Institute for Marine and Antarctic Studies (IMAS) researchers have produced the first scientific assessment of Tasmania’s growing long-spined sea urchin fishery.
The expansion of the commercial fishery is one of a number of measures addressing growth in the population of invasive sea urchin Centrostephanus rodgersii and the barrens they create by overgrazing reefs along Tasmania’s East Coast.
A single long-spined urchin was found in St Helens in 1978, and since then the Tasmanian population has grown to an estimated 20 million, with an average increase between 2000 and 2017 of more than 150 tonnes per annum.
The lead author of the fishery assessment for the 2018/19 season, Dr Katie Cresswell, said the report showed that the annual catch had increased five-fold since harvesting began in 2009.
“The annual catch remained below 100 tonnes for many years but ramped up after 2017, reaching 185 tonnes in 2018,” Dr Cresswell said.
“The catch increased further in 2019 to 560 tonnes and this fishery is now the third-largest in Tasmania per wet tonnage harvested.
“The catch has been spatially concentrated, with 80-90% of the urchin harvest coming from a small area of the East Coast around the St Helens region.
“While harvesting for the entire coast is sustainable despite the increases in total catch, there is evidence of stock reduction in the most heavily fished areas over time.
“This suggests that, for the more heavily fished areas, catch rates will fall, which will create an incentive for divers to move southward down the coast.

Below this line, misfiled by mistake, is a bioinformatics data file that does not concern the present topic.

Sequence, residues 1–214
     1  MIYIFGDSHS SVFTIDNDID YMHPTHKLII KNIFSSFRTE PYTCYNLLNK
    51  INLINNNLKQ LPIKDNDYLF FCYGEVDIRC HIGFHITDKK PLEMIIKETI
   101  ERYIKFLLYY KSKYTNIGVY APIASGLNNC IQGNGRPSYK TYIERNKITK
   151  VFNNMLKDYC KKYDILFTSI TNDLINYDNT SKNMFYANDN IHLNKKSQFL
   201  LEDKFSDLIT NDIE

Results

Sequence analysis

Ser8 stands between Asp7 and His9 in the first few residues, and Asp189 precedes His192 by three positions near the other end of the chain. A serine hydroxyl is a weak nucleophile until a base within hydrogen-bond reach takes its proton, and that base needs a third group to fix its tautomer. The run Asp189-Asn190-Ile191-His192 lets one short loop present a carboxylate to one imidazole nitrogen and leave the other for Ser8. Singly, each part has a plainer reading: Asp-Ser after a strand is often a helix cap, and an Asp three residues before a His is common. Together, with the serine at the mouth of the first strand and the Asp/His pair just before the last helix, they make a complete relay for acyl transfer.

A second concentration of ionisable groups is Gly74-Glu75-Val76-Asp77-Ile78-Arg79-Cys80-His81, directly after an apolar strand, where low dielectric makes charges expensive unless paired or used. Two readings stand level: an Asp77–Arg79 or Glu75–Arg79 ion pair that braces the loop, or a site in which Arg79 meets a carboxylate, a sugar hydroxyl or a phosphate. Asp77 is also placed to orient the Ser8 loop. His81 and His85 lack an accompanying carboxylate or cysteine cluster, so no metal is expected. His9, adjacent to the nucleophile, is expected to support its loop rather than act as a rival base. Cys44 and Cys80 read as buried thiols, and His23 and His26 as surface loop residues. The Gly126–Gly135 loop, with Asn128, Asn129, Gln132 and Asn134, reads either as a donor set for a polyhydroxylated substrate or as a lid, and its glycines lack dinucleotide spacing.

“The effect of divers shifting to new areas means that we won’t necessarily see sharp declines in catch rates if high levels of harvest continue to occur,” Dr Cresswell said.
Co-author Professor Caleb Gardner said that when partial data for the current season is included, over the last three seasons the annual catch has exceeded the average increase in long-spined sea urchin biomass of around 150 tonnes per annum.
“Commercial harvesting is one of a number of actions taken to reduce the number of these invasive urchins, with most interventions based on IMAS research and supported by the State Government and the Tasmanian Abalone Council under the Abalone Industry Reinvestment Fund (AIRF),” Professor Gardner said.
“Other measures underway that will assist in controlling urchin numbers include the rebuilding of lobster stocks, culling of urchins, and investigation of potential uses for urchin waste in industries such as agriculture,” he said.
Pictured: IMAS’s Paul Armstrong and Stuart Isles collect data at Ralph’s Tasmanian Seafood, Electrona.